|Temperatures go up, but how much depends on how we live now (left: low emissions; right: high emissions).|
As of late I may have been neglecting this blog, but on the bright side, climate change has recently been in the limelight! The Intergovernmental Panel on Climate Change (IPCC) just released its long awaited 5th assessment report (AR5) - well, actually, only the summary for policy makers. Now before you run away because I used scary acronyms, just let me note a few key points. This assessment has an emphasis on adapting to change, and for the first time as far as I know, explicitly acknowledges that ways of reducing our greenhouse gas emissions (mitigation) can also help us adapt to climate change! It's a pretty sobering picture, to say the least, and has particularly important implications for agriculture and food security.
|Food and agriculture in 2050...a cautious tale and a need to act now!|
So, some key points:
1. Climate change is having and will continue to have more negative than positive impacts on crops.
2. Human and ecological systems are vulnerable to climate extremes, and many sectors (including agriculture) are not prepared to face these changes.
3. Especially for the segment of society living in poverty, climate change impacts add an additional layer of complexity to many challenges already hindering making a living.
4. Warming trends, drought, flooding, and extreme/unpredictable rainfall pose a great risk for food insecurity and food system breakdown.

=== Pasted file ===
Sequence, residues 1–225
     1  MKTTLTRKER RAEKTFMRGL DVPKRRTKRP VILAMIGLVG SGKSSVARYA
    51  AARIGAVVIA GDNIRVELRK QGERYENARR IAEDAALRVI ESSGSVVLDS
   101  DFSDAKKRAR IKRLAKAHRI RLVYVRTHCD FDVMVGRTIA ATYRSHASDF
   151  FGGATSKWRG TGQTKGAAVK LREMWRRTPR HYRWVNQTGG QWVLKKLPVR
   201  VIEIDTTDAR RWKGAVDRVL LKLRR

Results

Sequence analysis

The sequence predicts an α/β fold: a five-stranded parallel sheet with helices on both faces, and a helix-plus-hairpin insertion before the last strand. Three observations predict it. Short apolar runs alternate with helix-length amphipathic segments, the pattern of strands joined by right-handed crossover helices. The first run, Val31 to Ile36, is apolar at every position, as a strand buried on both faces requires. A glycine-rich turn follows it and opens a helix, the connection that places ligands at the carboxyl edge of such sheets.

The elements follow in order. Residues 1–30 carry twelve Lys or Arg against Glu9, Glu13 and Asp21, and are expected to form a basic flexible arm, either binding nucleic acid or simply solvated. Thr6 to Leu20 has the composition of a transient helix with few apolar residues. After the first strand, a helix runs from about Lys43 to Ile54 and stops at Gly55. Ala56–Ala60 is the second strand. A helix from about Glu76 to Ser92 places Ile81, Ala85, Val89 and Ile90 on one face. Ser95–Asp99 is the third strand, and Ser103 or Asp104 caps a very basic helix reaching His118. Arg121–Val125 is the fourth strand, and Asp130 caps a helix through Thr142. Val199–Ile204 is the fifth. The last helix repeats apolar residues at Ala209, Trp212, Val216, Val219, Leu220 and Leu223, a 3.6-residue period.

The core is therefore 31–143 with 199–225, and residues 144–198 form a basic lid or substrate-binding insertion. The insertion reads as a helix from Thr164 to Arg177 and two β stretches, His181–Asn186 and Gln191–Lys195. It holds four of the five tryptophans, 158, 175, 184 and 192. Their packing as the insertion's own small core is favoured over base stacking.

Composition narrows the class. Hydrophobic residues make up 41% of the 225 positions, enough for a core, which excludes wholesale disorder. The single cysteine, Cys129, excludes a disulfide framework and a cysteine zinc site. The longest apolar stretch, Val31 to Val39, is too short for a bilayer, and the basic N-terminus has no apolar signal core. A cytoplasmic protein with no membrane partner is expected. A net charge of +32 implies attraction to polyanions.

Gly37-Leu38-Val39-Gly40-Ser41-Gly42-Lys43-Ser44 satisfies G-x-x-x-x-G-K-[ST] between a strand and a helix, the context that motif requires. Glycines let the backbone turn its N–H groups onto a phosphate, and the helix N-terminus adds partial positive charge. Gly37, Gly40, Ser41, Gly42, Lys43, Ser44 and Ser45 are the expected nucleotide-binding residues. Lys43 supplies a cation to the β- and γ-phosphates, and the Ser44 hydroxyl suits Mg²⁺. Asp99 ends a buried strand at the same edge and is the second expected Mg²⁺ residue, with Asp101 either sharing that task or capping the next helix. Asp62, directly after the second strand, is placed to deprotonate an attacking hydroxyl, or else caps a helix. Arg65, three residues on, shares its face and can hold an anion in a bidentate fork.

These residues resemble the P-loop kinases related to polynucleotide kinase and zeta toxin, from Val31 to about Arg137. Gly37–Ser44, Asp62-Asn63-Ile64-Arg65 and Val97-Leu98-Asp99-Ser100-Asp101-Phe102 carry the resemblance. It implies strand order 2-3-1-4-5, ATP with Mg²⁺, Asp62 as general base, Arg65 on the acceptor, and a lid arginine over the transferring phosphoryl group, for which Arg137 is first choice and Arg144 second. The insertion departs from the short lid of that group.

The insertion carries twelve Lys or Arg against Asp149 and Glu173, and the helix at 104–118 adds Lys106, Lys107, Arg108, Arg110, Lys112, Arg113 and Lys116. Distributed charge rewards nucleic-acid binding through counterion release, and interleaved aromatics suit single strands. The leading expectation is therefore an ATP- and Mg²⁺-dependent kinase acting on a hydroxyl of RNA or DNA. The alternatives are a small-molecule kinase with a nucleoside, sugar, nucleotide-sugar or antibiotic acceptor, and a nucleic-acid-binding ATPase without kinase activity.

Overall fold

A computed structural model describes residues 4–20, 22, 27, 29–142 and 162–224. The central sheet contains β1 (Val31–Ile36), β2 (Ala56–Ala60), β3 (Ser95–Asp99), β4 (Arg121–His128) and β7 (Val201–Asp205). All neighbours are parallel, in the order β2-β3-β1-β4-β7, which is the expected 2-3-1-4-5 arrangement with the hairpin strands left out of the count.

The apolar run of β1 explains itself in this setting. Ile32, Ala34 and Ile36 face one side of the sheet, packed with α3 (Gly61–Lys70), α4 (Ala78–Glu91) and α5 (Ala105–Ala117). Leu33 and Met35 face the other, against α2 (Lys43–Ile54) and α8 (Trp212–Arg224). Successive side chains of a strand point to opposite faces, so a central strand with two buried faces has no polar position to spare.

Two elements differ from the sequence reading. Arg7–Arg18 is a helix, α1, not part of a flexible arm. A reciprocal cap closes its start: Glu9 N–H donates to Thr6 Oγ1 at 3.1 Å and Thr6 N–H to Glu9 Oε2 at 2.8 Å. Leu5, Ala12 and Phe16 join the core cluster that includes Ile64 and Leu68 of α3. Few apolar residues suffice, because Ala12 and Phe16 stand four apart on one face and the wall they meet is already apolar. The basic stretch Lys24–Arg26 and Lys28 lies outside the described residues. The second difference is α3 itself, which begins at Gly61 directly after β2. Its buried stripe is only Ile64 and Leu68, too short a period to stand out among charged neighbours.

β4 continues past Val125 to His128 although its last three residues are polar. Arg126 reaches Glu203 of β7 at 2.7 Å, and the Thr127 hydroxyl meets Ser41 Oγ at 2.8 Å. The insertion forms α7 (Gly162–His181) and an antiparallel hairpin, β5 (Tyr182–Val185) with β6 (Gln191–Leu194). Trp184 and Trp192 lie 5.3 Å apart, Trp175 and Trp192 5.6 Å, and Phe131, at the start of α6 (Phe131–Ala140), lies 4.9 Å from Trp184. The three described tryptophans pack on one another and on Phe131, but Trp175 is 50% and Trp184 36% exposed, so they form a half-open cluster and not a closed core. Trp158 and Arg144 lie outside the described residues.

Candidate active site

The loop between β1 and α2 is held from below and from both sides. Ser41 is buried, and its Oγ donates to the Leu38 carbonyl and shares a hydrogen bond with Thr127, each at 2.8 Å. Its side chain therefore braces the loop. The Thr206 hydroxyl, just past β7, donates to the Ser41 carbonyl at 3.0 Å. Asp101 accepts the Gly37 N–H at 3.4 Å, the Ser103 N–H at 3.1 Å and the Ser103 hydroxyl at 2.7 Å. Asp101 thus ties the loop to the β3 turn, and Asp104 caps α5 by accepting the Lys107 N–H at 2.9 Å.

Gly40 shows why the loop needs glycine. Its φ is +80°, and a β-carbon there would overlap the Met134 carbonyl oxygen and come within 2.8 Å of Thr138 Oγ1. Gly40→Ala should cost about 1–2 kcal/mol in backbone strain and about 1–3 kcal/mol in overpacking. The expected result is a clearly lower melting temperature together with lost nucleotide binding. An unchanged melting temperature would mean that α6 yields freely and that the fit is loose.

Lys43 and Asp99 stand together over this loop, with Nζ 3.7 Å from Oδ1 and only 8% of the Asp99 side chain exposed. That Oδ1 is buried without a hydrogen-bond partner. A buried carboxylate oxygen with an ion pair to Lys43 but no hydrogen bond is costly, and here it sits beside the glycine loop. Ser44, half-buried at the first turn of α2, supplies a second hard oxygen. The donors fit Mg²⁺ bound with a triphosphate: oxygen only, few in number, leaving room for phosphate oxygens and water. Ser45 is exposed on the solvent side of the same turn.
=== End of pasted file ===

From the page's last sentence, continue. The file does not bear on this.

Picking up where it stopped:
5. What we do now to adapt to and mitigate climate change affects the risks we will face in the future.
What does this mean for poverty and hunger?
Risks associated with climate change vary between geographies - some places crops are already experiencing considerable stress - but across the board, the poor and marginalised populations and communities bear the greatest portion of burden. It's not just the growing of food that is concern, but that access will become more difficult as variability goes up and prices destabilize. Food makes up one of the largest expenses for people in poverty, and even farmers are at serious risk of food shortage and hunger. However unfair it is, tropical regions are also expected to be more affected by climate catastrophes, and also coincides with areas dominated by small-scale farming and low incomes.
Live Below the Line is only three weeks away! I'm raising funds for the Rainforest Foundation, which is specifically focusing on these afformentioned tropical communities. Check out my page to learn more about the challenge and the organisation.
Frugal Foodie and a recipe on later in the week...I promise! Both infographic images come from a new infonote launched the research programme on Climate Change, Agriculture, and Food Security (CCAFS).